The U.S. economy has sustained growth over the past year. However, this is not a restaurant industry trend. The restaurant industry has not been growing at this same pace as the U.S. economy. In fact, restaurant sales have been declining since the spring of 2016.
We’ve talked about the coined “restaurant industry slump” that we’ve all been dealing with, however, it looks like we are going to be seeing these trends for a bit longer than we had hoped.
Chart By Author. Data from Black Box Intelligence.
Breaking down these restaurant industry trends.
Grocery store prices are dropping.
Grocery store prices nationwide have been declining over the past year. If only running a restaurant and keeping an updated menu was as easy as strolling over to the freezer section. You know how much goes into each and every dish you serve, and it’s more than just paying for food or labor. Updating restaurant menus based on market prices is something you have always done – but it is even more important and impactful to your bottom line when margins are running low. There have been changes in the egg, fish, and meat markets over the past few months- and chances are, the prices will continue to fluctuate.
Labor, Labor, Labor.
As the restaurant turnover rate continues to increase, restaurants scramble to keep ahead. Since finding skilled labor is proving more and more difficult, restaurateurs are changing their concepts. Instead of centering on an Italian concept, for example, which requires a lot of skill and experience, many are edging toward very focused concept with minimal training is easier to hire for. Thomas Kim, owner of The Rabbit Hole in Minneapolis stated similar pain points.
“My issue was not a lack of job seekers, it was a lack of qualified applicants. “Out of 20 people, maybe one person – at most two – would be even semi-qualified for us to sit down with them. People are looking at kitchen jobs as the same as entry level retail jobs. They perceive that knowing what a knife is, means they have a skill set they could apply to this job.”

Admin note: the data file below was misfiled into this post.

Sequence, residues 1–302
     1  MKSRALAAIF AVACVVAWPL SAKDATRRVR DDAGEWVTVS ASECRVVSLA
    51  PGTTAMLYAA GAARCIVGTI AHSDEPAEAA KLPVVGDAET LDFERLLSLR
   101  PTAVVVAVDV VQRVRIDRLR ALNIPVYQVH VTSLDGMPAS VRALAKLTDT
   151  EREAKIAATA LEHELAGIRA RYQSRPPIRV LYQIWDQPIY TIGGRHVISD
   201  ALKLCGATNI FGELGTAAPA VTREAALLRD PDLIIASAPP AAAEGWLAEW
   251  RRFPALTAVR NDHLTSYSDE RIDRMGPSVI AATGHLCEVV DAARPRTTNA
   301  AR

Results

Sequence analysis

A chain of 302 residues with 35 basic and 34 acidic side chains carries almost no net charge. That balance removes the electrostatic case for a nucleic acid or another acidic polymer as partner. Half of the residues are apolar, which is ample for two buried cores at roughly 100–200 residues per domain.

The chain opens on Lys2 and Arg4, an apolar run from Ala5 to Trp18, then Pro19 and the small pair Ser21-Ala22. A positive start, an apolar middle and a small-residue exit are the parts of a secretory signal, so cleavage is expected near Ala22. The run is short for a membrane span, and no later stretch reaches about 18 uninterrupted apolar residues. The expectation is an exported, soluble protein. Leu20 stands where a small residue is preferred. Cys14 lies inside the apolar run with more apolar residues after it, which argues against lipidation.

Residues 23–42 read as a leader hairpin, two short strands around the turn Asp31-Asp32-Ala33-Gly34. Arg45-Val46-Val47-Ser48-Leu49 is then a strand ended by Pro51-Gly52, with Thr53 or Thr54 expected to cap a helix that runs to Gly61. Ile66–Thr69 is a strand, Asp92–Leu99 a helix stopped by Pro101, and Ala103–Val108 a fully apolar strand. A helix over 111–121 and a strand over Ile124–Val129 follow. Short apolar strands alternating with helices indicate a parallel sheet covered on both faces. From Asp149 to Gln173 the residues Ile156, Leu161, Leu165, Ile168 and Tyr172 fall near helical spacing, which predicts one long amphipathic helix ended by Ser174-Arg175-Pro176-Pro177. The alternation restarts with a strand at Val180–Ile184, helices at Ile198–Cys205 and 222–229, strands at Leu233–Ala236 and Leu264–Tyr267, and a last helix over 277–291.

As the pressure rises in towns that rely on hiring often like Cape Cod, MA, restaurants are feeling the pain.
Tom Fazio, the owner of Fazio’s Trattoria for the last 30-years, has been searching but finding no success.
“We have put ads in the paper for waitstaff and for cooks for that past few months. Nothing. Tourists come for two weeks and want a nice meal. We’re down to a bare bones crew. I’m in the kitchen, my wife is washing dishes, we’ve got two waiters, but what are we supposed to do on July 4th weekend? How are we supposed to serve and process all of these people? We do what we can do. I’m a chef and I need help.”
Let’s NOT do lunch.
According to research about restaurant industry trends by the NPD Group Inc., Americans made 433 million fewer trips to restaurants at lunchtime in 2016, resulting in roughly $3.2 billion in lost business. Making it the lowest level of lunch traffic in at least four decades. Restaurateurs have been feeling this for month, and it’s shown in the numbers.
Consumer preferences are changing.
This is no secret. As time goes on and technology advances, tastes change. The thing about taste is that it comes and goes – and it should not be the reason you rework your concept. There are ways to adapt, however. The “Small Plate” trend has been sweeping restaurants across the country, and millennials can’t get enough. Many restaurateurs are adding options that appease this new type of diner, also known as The Millennial. You’ve been noticing the trend, restaurants focused on one thing that they do well, like Korean fried chicken, dumplings, or crepes. Which leads into our next point, the labor shortage.
“We have put ads in the paper for waitstaff and for cooks for that past few months. Nothing. Tourists come for two weeks and want a nice meal. We’re down to a bare bones crew. I’m in the kitchen, my wife is washing dishes, we’ve got two waiters, but what are we supposed to do on July 4th weekend? How are we supposed to serve and process all of these people? We do what we can do. I’m a chef and I need help.” – John Fazio
The minimum wage question.
It’s no secret that restaurant minimum wage has been rise over the past decade. As more and more cities and states vote to raise the hourly rate, many restaurateurs feel forgotten. Running a tipped business is very different than a typical hourly rate one. Since restaurants operate on very thin margins already, many fear that raising the minimum wage and not creating a tipped minimum wage will kill many small businesses.
Yes, we are in a restaurant industry recession. However, that does not mean it is here to stay, or something that we should be worried about. Restaurateurs are tackling these issues head on and relying on technology and restaurant analytics to better understand and operate their business.